You might perhaps see it differently, but it seems that Russia is back in the Middle East, the US is quite indecisive and the EU lack any visible strategy related to region. Plus with some ongoing conflicts, Sunni-Shia rivalry and in many countries problematic economic prospects, what would be you advice for any external power looking at the Middle East? Read few comments.
Andrea Teti, Director, Centre for Global Security & Governance, University of Aberdeen
The problem is that regional and international powers are intervening on the basis of what they perceive as their own interests, not with the objective of conflict resolution, much less peace-building and transitions towards more stable societies. This is the difficulty with Russian interventions as much as American ones. Interventions with the interests of local populations in mind would aim at resolution of conflict and at building more prosperous, inclusive, and therefore stable and resilient societies.
Jeffrey VanDenBerg, Chair, Political Science & Geography Department, Professor of Political Science, Director of Middle East Studies, Drury University
Russia’s bombing campaign in Syria adds another highly destabilizing element to a region already in turmoil. Although Russia has said its bombing is directed at ISIS, it is clear from the targeting that its intention is to bolster the position of President Bashar al-Asad, both internally and in the broader regional environment. Many analysts suspect that one of the primary purposes of Russia’s military intervention is to signal to other states who oppose the Asad regime, especially Turkey, Saudi Arabia and the United States, that the Syrian dictator has full Russian support. Russia has been arguing for some time that the only way to defeat ISIS is to enhance Asad’s capacities. In this regard, Russia’s actions might bear fruit, because it seems likely that the American approach of fighting ISIS and demanding regime change in Syria can’t be sustained.
The inability of the US, Europe, Russia, and Middle Eastern regional powers to agree on a unified strategy to combat ISIS, even though all agree it is a serious threat to regional stability, is significant failure of collective action.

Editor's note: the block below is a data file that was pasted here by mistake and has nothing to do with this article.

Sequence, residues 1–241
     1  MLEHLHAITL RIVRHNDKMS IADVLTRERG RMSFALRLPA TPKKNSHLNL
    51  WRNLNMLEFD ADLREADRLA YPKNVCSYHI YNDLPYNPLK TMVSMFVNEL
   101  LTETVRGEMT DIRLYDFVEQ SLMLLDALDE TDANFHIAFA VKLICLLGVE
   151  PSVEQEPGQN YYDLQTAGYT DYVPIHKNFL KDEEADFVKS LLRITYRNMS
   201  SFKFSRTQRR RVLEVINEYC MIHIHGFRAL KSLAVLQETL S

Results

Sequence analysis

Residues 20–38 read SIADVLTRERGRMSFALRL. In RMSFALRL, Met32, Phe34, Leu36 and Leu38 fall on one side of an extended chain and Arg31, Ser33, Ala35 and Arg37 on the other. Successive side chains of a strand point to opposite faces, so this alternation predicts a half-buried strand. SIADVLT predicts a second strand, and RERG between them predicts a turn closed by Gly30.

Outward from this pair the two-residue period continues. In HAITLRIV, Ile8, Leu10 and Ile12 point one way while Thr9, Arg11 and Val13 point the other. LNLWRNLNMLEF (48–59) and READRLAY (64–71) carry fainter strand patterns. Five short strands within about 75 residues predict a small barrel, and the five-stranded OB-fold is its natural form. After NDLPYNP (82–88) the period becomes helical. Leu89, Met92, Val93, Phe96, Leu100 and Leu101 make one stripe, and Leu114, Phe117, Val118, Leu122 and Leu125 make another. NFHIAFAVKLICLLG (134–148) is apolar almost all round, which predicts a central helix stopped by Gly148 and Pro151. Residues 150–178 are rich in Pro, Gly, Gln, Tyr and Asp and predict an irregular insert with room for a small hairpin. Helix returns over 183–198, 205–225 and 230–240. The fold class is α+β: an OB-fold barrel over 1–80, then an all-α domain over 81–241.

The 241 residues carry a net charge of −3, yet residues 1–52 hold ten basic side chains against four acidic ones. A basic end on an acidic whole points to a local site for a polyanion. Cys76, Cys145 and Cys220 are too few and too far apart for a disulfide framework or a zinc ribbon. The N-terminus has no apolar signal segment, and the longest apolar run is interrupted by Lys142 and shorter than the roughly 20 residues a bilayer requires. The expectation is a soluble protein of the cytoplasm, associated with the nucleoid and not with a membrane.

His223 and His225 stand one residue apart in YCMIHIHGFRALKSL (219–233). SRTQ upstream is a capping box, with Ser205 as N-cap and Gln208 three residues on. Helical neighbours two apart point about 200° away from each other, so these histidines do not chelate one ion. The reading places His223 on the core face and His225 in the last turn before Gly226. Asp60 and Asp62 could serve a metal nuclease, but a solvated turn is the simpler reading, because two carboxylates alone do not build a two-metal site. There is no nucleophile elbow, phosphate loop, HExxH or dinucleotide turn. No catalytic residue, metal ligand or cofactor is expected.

Fanar Haddad, Research Fellow, Middle East Institute, National University of Singapore
I think that Russia is a lot more interested in securing Assad’s position than in helping him recapture lost territory much less in defeating ISIS. It seems to me that the priority is to secure his position in the areas he already controls and in the major population centres of western Syria. Neither Russia nor Assad nor anyone else for that matter is seriously trying to dislodge ISIS or Jabhat al Nusra from the territories they control. I think many are worried about a countermove from Assad’s opponents. Will the Gulf states and Turkey now escalate their support to militant groups and will this include supplying them with advanced weaponry that they have thus far refrained from supplying (anti-aircraft launchers for example)? The other concern is how Russia’s involvement will impact the various anti-Assad groups. Will this in fact lead to hardline jihadists like ISIS and JaN to further consolidate their domination of anti-Assad forces?
Michael Rubin, Resident Scholar at the American Enterprise Institute, Senior Lecturer at the Naval Postgraduate School’s Center for Civil-Military Relations
That’s exactly how I see it. Neither the United States nor European Union should see Russia as some altruistic, Pollyannaish power willing to take the problem off their hands. Bashar al-Assad might seem reasonable when juxtaposed with the Islamic State, but to work with Bashar al-Assad or simply allow him to remain will become the primary engine of Islamic State recruitment. After all, had it not been for Assad’s barrel bombs or attacks on children, Syrians would not have radicalized to the extent they have.
So what would be my advice?
First of all, it’s time to stop treating Turkey as a responsible partner. Turkey has become Pakistan on the Mediterranean, saying one thing to gullible diplomats and sponsoring extremists on the other hand.
The only moderate faction in Syria now are the Kurds, and they are wholly deserving of US and European support, links to the PKK or not.
As to the broader Middle East, what’s needed is not the choosing of sides in a sectarian conflict, but rather a strategy against radicalism. It’s in the interest of both Europe and the EU to roll back extremism, whether of the Sunni variety or Shi’ite variety. Perhaps the choice isn’t to oppose Iran or Saudi Arabia, but rather to oppose both of them. There are alternate models: Morocco, Tunisia, and Egypt to name a few.